My first response is always to correct their question. The question shouldn’t be how we Malaysian filmmakers deal with strict censorship laws; it should be how we deal with vague, unclear and inconsistent censorship laws.

Take for example, Lena Hendry, who is a former employee of a Malaysian-based human rights non-governmental organisation called Pusat KOMAS. She was found guilty of screening the documentary ‘No Fire Zone: The killing fields of Sri Lanka’ without censorship approval in 2013.

Hendry was convicted under Section 6(1)(b) of the Film Censorship Act, 2002 on Feb 21, 2017 and could now face up to three years’ jail or a fine not exceeding RM30,000 (US$6,750). Sentencing has been set for 22nd March. Read more

Suhakam gesa perlindungan hak asasi manusia lebih baik

Sumber: FMT News

Suhakam menegur penyalahgunaan Sosma dan penderitaan dihadapi Orang Asli di Gua Musang sebagai contoh pelanggaran hak asasi manusia.

Pengerusi Suruhanjaya Hak Asasi Manusia Malaysia (Suhakam) Tan Sri Razali Ismail -- gambar dipetik dari FMT News.

Pengerusi Suruhanjaya Hak Asasi Manusia Malaysia (Suhakam) Tan Sri Razali Ismail — gambar dipetik dari FMT News.

PETALING JAYA: Hak asasi manusia perlu menjadi teras pembangunan negara Malaysia jika kerajaan menyasarkan untuk mencapai status negara maju menjelang 2020, kata Suruhanjaya Hak Asasi Manusia Malaysia (Suhakam).

Pengerusinya Tan Sri Razali Ismail berkata, walaupun 2016 menyaksikan beberapa kemajuan dalam aspek perlindungan hak asasi manusia di negara ini, masih terdapat pelanggaran yang perlu diakui dan ditangani.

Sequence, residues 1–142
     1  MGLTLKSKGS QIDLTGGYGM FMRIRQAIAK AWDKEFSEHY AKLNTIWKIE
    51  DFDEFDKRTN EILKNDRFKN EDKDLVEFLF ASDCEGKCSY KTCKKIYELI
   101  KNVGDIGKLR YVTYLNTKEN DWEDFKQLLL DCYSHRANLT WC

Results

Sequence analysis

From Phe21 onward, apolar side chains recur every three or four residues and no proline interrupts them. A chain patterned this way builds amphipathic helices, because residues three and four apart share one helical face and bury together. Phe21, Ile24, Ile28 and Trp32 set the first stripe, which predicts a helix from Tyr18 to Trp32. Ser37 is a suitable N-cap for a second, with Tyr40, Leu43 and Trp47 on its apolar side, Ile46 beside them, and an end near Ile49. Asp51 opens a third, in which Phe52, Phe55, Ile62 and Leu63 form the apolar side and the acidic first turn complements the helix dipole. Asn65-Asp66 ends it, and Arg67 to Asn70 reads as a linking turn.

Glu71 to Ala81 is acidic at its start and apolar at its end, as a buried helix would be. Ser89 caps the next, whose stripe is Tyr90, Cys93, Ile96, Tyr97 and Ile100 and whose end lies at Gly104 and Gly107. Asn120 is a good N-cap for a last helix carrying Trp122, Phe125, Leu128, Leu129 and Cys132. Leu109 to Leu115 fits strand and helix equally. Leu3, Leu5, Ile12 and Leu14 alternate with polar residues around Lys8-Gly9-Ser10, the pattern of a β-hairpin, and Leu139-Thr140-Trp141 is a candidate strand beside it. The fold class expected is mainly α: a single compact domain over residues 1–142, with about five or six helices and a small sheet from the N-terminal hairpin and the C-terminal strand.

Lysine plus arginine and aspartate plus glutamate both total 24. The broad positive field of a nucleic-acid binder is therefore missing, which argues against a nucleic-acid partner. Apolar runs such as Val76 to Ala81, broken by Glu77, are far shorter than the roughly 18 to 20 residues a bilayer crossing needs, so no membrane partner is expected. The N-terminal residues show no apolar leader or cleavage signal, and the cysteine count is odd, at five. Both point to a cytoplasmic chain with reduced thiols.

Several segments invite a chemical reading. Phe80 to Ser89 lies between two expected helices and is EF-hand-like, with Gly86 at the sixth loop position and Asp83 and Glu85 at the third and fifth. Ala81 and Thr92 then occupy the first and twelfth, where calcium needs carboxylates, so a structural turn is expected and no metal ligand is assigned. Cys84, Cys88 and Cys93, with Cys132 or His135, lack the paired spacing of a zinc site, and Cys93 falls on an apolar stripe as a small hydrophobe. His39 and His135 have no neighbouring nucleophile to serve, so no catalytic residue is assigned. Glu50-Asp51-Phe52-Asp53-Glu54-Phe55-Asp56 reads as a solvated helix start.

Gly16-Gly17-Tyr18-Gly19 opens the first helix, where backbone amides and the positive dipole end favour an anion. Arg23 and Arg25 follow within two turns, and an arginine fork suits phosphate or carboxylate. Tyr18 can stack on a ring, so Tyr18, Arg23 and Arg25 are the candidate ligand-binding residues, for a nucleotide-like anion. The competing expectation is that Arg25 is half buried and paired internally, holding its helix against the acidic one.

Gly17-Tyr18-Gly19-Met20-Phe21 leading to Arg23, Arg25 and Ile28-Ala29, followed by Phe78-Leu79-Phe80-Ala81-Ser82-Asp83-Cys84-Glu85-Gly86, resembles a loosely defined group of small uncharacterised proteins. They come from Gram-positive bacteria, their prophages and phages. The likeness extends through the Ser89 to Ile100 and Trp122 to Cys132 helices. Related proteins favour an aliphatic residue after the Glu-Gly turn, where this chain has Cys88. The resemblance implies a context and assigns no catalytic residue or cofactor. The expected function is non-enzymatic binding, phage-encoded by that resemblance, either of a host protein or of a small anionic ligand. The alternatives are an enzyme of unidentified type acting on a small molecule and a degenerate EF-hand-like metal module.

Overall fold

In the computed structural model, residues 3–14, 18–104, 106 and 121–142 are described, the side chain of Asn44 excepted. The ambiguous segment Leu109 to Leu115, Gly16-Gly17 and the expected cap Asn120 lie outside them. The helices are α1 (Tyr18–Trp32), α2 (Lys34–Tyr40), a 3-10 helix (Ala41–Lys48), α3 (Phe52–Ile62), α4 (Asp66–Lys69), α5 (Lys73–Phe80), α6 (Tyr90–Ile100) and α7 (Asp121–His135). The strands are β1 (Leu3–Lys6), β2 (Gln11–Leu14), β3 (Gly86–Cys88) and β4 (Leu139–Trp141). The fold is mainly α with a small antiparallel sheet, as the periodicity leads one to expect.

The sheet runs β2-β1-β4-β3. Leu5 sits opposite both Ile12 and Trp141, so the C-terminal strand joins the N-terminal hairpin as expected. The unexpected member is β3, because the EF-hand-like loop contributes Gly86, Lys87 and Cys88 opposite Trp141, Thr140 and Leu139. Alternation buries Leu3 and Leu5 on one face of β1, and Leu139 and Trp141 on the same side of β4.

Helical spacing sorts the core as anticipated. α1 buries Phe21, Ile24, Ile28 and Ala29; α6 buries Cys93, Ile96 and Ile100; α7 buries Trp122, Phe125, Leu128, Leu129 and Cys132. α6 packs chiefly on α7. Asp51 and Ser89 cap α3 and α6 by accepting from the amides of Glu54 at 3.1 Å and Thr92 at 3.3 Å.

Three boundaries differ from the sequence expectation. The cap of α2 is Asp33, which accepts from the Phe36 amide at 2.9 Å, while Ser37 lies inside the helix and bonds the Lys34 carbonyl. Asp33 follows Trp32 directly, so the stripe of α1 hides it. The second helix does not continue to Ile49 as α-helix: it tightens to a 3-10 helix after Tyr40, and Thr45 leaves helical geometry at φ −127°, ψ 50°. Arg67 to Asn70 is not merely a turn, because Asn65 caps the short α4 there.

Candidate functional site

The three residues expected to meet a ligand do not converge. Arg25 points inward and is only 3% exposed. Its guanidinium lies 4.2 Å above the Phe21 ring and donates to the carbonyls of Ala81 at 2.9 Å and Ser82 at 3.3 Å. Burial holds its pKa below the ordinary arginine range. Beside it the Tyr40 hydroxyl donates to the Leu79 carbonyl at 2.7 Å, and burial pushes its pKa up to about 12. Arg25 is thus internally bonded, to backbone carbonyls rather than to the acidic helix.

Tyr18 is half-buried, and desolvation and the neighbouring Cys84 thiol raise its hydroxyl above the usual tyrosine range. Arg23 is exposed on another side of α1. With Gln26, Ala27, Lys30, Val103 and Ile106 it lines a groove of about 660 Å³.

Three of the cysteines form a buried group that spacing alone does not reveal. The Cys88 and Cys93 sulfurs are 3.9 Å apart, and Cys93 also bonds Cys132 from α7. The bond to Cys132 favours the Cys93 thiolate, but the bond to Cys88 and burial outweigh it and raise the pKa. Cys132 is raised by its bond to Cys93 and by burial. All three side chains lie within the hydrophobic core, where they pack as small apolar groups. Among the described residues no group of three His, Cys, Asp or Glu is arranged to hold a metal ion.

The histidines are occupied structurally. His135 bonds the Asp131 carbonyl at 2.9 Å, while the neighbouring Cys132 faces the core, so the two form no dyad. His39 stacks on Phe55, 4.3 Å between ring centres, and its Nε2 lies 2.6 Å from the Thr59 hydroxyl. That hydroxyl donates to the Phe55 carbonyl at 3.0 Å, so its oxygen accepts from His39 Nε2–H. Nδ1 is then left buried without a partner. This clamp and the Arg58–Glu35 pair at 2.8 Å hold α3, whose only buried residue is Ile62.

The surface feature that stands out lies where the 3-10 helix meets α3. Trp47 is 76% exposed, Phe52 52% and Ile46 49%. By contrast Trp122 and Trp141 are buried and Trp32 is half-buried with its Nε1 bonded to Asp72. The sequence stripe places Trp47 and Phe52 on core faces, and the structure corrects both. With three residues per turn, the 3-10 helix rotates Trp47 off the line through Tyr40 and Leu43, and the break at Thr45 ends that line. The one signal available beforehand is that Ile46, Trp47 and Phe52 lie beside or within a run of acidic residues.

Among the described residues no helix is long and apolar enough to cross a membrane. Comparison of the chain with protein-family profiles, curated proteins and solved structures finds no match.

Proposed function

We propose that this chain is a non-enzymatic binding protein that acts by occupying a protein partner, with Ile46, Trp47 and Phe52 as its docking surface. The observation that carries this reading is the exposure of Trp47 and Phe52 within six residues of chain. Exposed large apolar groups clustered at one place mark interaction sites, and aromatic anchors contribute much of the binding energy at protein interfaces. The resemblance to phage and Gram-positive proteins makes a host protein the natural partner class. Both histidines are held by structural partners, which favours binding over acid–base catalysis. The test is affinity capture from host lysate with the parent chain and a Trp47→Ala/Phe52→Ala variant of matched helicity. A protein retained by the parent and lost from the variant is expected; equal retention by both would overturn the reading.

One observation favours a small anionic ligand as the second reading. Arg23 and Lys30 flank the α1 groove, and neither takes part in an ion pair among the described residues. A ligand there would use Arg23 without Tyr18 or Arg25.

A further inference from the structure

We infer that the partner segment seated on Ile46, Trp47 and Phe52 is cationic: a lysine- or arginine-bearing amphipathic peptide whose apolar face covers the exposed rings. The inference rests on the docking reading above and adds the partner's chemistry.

Ini termasuk salah guna undang-undang keselamatan, khususnya Akta Kesalahan Keselamatan (Langkah-Langkah Khas) 2012 (Sosma) yang digunakan untuk menyekat kebebasan bersuara dan perbezaan pendapat politik.

“Individu tidak boleh ditangkap dan ditahan kerana melaksanakan hak mereka terhadap kebebasan bersuara,” kata Razali dalam satu kenyataan hari ini. Read more

Suhakam says security laws being used to suppress political dissent

Source: The Malay Mail Online

Suhakam chief Tan Sri Razali Ismail — Picture by Saw Siow Feng

Suhakam chief Tan Sri Razali Ismail — Picture by Saw Siow Feng

KUALA LUMPUR, Dec 10 — The Human Rights Commission of Malaysia (Suhakam) said today it is concerned that security laws such as the Security Offences (Special Measures) Act 2012 (Sosma) is being used for non-terrorism purposes and to suppress political dissent.

In a statement in conjunction with World Human Rights Day, Suhakam chairman Tan Sri Razali Ismail stressed that Malaysians should not arrested and detained for exercising their right to freedom of expression.

“In its short lifespan, security laws, in particular the Security Offences (Special Measures) Act 2012 (SOSMA) has been applied for non-terrorism purposes. For this reason, Suhakam is concerned that preventive detention, terrorism and security laws are being used to suppress freedom of expression and political dissent,” he said.

“Suhakam is particularly concerned that although preventive detention is a rare exception, in practice it may become a rule, and used for purposes other than what it was enacted for,” Razali added.

The government has said that Sosma does not apply to acts of terrorism alone and has a wide definition, and that it may be applicable to anything which disturbs national security and sovereignty. Read more